3 Customer Questions Every Website Needs to Answer

3 customer questions header image

What are the three things that every customer looks for in a small business website? Answer these three things to increase conversions.

If you have a website for your small business, there are just 3 questions that every customer wants answered. Three. That’s it.

Get the answers to those three questions right, and customers will trust you with their business and their money. Ignore those questions, and they will drift away as silently as a teenager when there’s washing up to be done.


What are the 3 magic customer questions?

  • Do you have what I am looking for?
  • Can I trust you?
  • Are you well-maintained and current?

That’s it? What do you mean?

3 customer questions every website needs to answer graphic

A visit to the mall …

Let’s make this a little bit tangible.

Imagine for a moment, you suddenly need to buy a pair of trousers.

You walk into the shopping mall, passing window after window in the centre.

Nope. That’s a butcher. They don’t sell pants.

Nope. That’s a shoe shop. They don’t sell pants.

Browsing at random is not getting results so you look up the shopping centre map and follow the directions to one of the side areas of the mall.

That’s a clothing shop. They should sell pants.

Checking out the exterior …

You take a longer glance at the shop exterior. The windows haven’t been cleaned since Abba was in the Top 10. The paint on the front is peeling and half of the letters on the neon sign are not working.

The clothes on display in the window look like they haven’t been changed since the 1990’s and are covered in a thick layer of dust.

You look at the shops on either side of the store. This particular shop is tucked away in a dark part of the mall surrounded by empty shops.

There are a few people milling around the store who you know you shouldn’t judge by their outward appearances, but who make you feel very unsafe.

Then you remember that your friend had told you that they had been to this particular shop a few months back, and they had their wallet stolen while in the store.

old-shopStepping inside

Against your better judgement, you walk in the shop (you REALLY need those pants). You trip over the entry step on the way in as it is broken and uneven. You look around to tell an employee, but there is no one in sight.

You see a sign that points to “Pants”. When you follow the sign you spot that all of the clothes are jumbled together with racks squeezed so tightly together you can barely make your way between them.

The pants are not sorted by male/female, size, or colour and are scattered around on many different racks. If you want to find a pair of pants, you will have to go through every rack to find one that will fit you.

You decide that perhaps you will go elsewhere to buy your pants as it all seems too hard.

stack-of-jeansTrying again

So you head back to the shopping centre map and find the directions to another clothing shop.

This one is in a bright, well-trafficked area of the shopping centre. The shops near it are mainstream and of high quality.

The front of this shop is modern and everything is clean and well maintained. The other customers look just like you and the employees are friendly and welcoming.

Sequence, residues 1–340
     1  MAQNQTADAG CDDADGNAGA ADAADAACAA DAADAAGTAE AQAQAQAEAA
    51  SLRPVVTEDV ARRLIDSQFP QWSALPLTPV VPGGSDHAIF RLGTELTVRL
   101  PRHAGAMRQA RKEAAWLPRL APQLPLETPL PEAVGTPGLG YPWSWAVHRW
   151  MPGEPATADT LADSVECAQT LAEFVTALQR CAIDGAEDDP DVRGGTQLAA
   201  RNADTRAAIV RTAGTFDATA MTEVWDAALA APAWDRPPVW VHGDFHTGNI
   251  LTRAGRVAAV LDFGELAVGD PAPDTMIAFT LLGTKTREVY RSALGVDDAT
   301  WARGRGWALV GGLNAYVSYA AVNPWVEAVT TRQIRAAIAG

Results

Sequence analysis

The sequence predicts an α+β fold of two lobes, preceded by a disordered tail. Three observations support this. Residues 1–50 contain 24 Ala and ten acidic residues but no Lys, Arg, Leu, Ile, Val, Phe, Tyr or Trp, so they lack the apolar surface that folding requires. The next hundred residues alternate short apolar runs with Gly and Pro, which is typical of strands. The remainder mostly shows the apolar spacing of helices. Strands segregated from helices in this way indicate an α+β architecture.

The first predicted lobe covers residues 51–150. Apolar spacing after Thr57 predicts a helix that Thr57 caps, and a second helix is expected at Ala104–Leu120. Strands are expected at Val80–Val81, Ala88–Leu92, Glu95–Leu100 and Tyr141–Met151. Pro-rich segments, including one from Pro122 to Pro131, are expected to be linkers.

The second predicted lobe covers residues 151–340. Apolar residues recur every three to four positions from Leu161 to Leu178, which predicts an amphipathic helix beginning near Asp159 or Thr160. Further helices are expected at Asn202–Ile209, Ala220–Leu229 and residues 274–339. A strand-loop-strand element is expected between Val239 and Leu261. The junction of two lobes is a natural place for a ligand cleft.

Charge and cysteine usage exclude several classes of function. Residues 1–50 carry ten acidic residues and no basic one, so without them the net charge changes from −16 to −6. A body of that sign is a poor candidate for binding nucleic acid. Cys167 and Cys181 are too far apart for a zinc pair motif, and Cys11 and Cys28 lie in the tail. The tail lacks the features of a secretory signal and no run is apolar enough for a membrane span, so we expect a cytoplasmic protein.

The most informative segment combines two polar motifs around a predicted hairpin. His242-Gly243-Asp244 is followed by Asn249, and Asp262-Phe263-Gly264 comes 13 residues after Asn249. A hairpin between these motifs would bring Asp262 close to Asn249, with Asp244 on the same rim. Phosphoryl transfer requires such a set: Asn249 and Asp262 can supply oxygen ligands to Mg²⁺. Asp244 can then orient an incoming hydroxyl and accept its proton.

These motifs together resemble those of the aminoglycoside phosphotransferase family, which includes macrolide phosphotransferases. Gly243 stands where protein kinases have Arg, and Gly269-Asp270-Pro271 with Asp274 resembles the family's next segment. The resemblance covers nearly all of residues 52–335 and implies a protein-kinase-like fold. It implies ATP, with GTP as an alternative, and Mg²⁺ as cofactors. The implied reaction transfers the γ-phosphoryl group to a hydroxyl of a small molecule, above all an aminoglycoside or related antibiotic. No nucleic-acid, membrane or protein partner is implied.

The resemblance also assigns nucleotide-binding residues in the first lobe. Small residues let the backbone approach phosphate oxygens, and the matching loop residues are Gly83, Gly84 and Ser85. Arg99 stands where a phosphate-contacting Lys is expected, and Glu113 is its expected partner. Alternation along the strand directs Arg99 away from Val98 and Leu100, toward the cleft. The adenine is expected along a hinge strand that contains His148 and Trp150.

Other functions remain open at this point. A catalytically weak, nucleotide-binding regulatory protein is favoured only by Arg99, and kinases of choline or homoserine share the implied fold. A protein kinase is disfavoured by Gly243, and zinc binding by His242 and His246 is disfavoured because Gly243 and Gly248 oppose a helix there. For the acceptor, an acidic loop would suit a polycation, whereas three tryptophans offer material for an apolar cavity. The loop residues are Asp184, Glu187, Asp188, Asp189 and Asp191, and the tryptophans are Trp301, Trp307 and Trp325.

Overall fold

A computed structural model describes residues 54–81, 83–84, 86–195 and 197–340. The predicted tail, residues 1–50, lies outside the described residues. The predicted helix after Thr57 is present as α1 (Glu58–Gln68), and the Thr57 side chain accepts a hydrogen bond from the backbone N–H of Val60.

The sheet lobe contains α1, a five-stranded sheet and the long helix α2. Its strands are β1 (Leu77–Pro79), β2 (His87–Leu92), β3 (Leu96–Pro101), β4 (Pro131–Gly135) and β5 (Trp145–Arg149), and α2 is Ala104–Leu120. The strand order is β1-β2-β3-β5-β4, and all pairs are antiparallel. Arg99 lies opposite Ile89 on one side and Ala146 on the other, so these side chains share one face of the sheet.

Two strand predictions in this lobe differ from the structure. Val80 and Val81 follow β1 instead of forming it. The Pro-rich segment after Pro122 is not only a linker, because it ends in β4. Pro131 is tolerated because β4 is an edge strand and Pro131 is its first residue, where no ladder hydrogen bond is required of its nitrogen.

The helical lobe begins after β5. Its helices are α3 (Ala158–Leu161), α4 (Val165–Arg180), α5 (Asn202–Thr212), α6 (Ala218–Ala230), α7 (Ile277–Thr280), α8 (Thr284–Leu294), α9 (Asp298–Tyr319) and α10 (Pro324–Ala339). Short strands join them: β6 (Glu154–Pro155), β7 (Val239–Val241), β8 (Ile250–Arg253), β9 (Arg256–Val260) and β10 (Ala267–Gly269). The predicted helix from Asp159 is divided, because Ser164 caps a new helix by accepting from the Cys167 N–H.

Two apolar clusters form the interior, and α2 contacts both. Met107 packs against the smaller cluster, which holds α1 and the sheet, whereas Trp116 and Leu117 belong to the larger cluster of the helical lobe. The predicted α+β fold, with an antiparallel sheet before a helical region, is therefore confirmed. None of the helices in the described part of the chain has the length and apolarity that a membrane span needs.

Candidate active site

All the clothes are logically sorted and have clear signs to show you where the different styles are located.

You find a pair of pants you want to buy and decide you need to wear them out. The employee goes out of their way to make your sale easy and smooth.


OK – enough with the pants! What do pants have to do with websites?

Do you have what I am looking for?

Customers to any website start by asking the question – Do you have what I am looking for?

People come to your website either randomly or by following links by Google. This is similar to following the map in the mall.

They take a 1/10ths of a second glance to see if you sell what they are looking for. If they can’t see what they need, they keep moving onto the next site. This is similar to people walking past your store and glancing in the window to see if you stock what they need.

Your website’s job is to show potential customers that you have what they are looking for. It is to shout using the biggest outdoor voice you own, “Want pants? Here they are!

You do your shouting through using crystal clear and compelling web copywriting combined with solid website design. The website content and website design go together like cookies and milk (or Tim Tams and coffee).

Tips to help answer the first question that potential customers ask

Sort your website content into logical categories or silos

This sounds simple, but many small business websites have content in a similar structure to the situation where all the clothes are jumbled in together. Don’t make customers have to hunt or dig to see if they can find what they are looking for. Sort your content into the logical categories that your clients use when looking for information.

Have clear menus

People need to be able to make their way around your site without doing double backs, turnarounds, or getting confused. Make your menu structure logical and with rational groupings of pages together.

Use your client’s words not your jargon